The hidden Tribes of India

rabaris

India is a country which has strongly held to its roots. Even in the advancing era, it is a country which has not forgotten its culture. And here, somewhere, in the remote areas of this multicolored country live the various tribes of India which keep reminding everyone of the ancient country’s rich heritage and fantastical mythologies which enchant one’s mind leading one into the realm of wonder.

Introduction to few Tribes of India

Alas! It is not very often that people know about these tribes of India. So here, we are giving a small try at finding about these hidden world of the tribals in India who have remained unknown to you for so long.

DROKPAS:

Descendents of Alexander’s soldiers

drokpasAlthough they have been living in India since the tribe came into being, but they are believed to be the successors of the left out soldiers of Alexander the Great.  When Alexander had departed from India, many of his soldiers, tired of fighting and mesmerised by the beauty of the heavenly Earth, Kashmir, decided to settle down here.

Also known as the Dards of Brokpa, these people look very different from both the Indians and the Nepal inhabitants. They even dress differently, with men wearing woollen coats tied around the waist and woollen trousers as well. The women too wear woollen dresses. Both the genders put on beautiful silver ornaments. Another common object of their dressing style is the bunch of flowers used to beautify their heads. Yes! The Drokpas have their head adorned with colourful flowers. But although this ritual of flowers on the head is traditional, very few people follow it on daily basis. These traditional dresses are worn only during festivals hours.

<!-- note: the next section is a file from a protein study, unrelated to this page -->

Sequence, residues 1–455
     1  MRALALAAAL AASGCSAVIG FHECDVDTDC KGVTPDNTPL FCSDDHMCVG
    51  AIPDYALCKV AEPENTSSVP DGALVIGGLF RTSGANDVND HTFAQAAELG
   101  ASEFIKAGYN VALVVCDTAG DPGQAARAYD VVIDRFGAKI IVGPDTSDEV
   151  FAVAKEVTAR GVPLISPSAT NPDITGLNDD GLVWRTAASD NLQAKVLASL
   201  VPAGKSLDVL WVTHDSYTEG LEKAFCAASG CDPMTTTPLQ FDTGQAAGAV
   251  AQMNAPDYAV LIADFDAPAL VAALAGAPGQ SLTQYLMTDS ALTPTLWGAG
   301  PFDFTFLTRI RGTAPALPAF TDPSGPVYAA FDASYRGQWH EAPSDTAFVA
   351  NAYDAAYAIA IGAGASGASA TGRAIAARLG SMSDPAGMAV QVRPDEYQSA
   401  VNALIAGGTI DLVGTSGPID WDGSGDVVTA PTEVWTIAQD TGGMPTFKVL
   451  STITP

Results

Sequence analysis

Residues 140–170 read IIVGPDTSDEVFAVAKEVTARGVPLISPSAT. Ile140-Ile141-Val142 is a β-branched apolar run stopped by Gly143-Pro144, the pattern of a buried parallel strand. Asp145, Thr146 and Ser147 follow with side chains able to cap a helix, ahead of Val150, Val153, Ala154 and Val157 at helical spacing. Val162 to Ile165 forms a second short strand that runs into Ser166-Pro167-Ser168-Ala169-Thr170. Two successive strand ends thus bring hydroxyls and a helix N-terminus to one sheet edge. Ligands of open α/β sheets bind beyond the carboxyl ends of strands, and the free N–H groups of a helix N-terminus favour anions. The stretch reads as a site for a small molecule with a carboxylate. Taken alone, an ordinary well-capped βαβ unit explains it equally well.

They have been known to follow a number of religions, from nature worship to Hinduism to Islam.

They are a beautiful tribe glorifying the beauty of the hills. But you know, everything that shines is not gold. The men of this tribe have been known for wife swapping since ages. And although a moral crime, they carried out their lives in this manner since time unknown.

RABARIS:

Shepherds of Kutch Region

Living in the Kutch region of Gujarat, the Rabaris are the cattle caretakers who had been originally hired by Mahadeva to take care of the cattle of his consort, Goddess Parvati.

rabarisrabarisThe main part of their life depends on cattle rearing. They consume a lot of milk products and carry it everywhere they go. Another source of their income is embroidery work carried out by the women of the tribe. The women wear black and their ears flaunt earrings known as Nagalis. These earrings are spiral and look like snakes, and are made of brass due to which their ear lobes are weighed down. The men wear simple dhotis, and waist coats. They put on a paghadi on their head with gold earrings in their ears and a big stick in their hands.

They are known to follow Hinduism, influenced by the power of Mata Devi. A popular festival in the community is Punj. If you ever visit the Rabaris, the first thing about them which will catch your eyes will be the tattoos that are carved on their arms, neck and breasts.

DHANETAH:

The embroiderers from Kutch GUJARAT